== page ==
Man dies in police custody in Indio

EXCLUSIVE: Brother of Man Who Died in Police Custody Speaks Out After Graphic Video Release

Kitty Alvarado Connect

Jose Lizarraga Garcia’s last moments of life were caught on video. He died in police custody in the parking lot of the Cardenas parking lot in Indio in January. The Indio Police Department released all video they collected of the death including from officer body camera. In a statement they said it was for transparency. 

Francisco Rios, Garcia’s brother says watching the video was more than he could bear but shows his brother did not die in police custody, “This was murder,” adding that it’s clear officers used excessive force, “they knew what they did because then even though when he went quiet and he was just limp they were just putting all this gear on him … they kind of perpetuated to a point where it didn’t need to go, every part of that video just hurt.”

He says there’s also missing video but captured on cell phone that show an illegal choke hold, “The body cam footage they chopped it up … there’s picture and videos a move that they used on my brother, they basically choked him out,”

Indio Police says they released all video through a third party so they would not be accused of selective editing.

He understands people were scared seeing him run from store to store he heard the 911 call too.

“Absolute crazy guy running around … you got  a lot of scared citizens here,” says one caller.

But Rios sees it differently, “He just needed help, he wanted help and no one was there.”

We reached out to Dr. Glen Haas, a retired law enforcement commander with three decades of experience who teaches use of force and de-escalation to departments across the country and had him analyze the videos.

To him it’s immediately clear Garcia this was already beyond de-escalation because police could not communicate with him

“He’s not able to communicate on a rational level now they have to stop the person until they transport him, get him help,” adding now they’re forced to take action.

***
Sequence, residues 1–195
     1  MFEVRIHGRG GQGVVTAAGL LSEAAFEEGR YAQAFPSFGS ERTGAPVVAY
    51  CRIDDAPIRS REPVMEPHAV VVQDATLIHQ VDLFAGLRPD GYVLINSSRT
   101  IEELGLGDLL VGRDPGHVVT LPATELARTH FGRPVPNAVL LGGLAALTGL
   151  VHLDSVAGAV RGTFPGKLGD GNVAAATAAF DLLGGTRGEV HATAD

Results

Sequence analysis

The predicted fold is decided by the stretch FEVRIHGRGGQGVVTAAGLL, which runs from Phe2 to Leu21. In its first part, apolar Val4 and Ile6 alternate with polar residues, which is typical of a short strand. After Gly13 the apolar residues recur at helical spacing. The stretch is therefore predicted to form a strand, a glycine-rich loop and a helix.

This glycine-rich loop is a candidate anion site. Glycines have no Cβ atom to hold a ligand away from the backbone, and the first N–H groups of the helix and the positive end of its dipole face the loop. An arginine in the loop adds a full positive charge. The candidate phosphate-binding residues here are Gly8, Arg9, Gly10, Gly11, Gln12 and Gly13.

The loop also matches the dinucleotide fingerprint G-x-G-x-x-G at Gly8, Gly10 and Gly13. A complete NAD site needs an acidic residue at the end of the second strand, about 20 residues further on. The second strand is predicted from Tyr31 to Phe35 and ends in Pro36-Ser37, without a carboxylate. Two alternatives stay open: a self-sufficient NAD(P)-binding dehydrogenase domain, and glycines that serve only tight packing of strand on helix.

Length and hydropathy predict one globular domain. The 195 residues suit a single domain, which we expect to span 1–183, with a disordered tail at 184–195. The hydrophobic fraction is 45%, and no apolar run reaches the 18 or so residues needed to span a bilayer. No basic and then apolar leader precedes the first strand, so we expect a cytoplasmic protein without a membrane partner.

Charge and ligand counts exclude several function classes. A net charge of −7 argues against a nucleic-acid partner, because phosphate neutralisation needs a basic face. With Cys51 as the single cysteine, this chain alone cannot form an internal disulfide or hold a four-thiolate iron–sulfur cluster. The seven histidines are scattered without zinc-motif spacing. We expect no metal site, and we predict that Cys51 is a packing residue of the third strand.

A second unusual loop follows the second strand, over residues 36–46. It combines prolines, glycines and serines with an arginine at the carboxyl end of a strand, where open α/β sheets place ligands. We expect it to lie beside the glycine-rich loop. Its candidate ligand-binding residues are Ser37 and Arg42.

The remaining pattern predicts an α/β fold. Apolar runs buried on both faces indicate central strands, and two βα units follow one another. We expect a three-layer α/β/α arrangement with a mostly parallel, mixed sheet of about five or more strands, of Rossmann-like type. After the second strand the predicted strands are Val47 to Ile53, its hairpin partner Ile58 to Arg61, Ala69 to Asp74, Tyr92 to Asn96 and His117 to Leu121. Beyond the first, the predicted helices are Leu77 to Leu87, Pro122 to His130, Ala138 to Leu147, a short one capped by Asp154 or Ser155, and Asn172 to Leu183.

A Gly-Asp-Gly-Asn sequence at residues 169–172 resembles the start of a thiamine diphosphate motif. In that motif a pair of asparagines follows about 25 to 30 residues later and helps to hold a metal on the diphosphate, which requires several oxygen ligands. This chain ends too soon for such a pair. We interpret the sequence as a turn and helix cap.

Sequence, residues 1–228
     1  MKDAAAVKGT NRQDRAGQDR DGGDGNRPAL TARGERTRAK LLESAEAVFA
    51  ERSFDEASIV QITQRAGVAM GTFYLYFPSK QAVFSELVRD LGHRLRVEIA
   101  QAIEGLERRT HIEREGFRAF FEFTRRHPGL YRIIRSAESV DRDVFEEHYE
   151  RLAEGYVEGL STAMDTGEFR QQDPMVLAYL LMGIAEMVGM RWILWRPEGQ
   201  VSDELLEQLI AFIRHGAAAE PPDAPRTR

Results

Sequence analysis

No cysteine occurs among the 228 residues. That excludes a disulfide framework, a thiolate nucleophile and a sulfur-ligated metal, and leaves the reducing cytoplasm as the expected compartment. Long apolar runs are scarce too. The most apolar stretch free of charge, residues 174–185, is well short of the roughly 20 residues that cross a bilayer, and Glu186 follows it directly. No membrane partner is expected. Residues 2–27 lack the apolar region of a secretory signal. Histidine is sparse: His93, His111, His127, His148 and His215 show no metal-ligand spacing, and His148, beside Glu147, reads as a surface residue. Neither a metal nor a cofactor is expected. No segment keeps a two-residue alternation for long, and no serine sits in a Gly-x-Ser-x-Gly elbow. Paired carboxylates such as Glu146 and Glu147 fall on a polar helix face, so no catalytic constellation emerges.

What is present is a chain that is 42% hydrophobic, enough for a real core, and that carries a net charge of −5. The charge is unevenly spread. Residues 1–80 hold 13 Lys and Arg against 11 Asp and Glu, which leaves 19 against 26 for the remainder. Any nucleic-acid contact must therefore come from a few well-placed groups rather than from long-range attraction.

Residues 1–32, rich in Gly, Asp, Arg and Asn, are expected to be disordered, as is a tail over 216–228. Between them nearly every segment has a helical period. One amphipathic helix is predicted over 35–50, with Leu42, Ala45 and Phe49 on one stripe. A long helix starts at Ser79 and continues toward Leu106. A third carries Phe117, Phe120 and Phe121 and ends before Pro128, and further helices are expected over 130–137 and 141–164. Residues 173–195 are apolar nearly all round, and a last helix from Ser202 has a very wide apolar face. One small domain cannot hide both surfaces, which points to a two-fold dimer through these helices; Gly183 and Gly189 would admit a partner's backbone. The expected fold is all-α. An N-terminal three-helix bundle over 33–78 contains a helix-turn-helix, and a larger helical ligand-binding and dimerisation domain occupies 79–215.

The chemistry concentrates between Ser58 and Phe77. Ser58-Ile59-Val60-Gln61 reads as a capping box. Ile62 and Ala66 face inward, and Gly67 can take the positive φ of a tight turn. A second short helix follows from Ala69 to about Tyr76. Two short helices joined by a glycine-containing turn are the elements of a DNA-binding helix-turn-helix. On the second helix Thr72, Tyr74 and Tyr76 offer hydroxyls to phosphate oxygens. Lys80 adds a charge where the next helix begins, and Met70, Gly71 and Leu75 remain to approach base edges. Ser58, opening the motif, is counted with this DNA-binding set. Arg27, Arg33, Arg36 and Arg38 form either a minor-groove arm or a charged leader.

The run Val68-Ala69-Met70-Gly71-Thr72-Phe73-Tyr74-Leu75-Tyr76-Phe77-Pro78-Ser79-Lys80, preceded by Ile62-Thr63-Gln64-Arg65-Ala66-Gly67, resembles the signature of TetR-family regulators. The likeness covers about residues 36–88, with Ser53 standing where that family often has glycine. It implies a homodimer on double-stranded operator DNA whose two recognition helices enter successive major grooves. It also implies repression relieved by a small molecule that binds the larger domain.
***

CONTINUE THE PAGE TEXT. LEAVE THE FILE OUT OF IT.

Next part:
“They restrain their hands they have the handcuffs on that does not mean the person is still not a threat, one of the threats is the ability to spit so they put the mask on, the person’s still a threat because they have legs that can kick …  now they go to try to restrain the person’s legs … but you can see that they’re using hands, they’re using open palm hands that are holding the person down not a significant use of force, it’s a restraint to try to keep the person down while they’re applying this leg wrap … there’s nothing here that shows any misconduct any excessive force you have officers that are standing by and watching, no profanity, they’re being professional no punches being thrown,” he says as he watches.

From his experience, officers have no choice in but to restrain the person to prevent him and others from getting hurt. 

“If you sent paramedics without the police you still have to restrain the person that’s the reality of it, you’re kind of  caught in this unfortunate loop that the person has to be restrained the restraint can still lead to some negative consequences but they still need to be restrained,” says Haas.

There’s no question it’s a tough video to watch with a tragic ending.

“You don’t typically in your life deal with conflict and deal with violence and somebody who literally probably passes away on the video it’s a tough thing … despite what we see on T.V. that’s entertainment this is reality and somebody loses their life,” says Haas. 

But Garcia says the officers need to face the justice system they deprived his brother, “They need to be arrested and they need to be judged for what they did, it’s not right my brother never got that chance … it’ hurts, it’s hurts and I want justice for my brother.”

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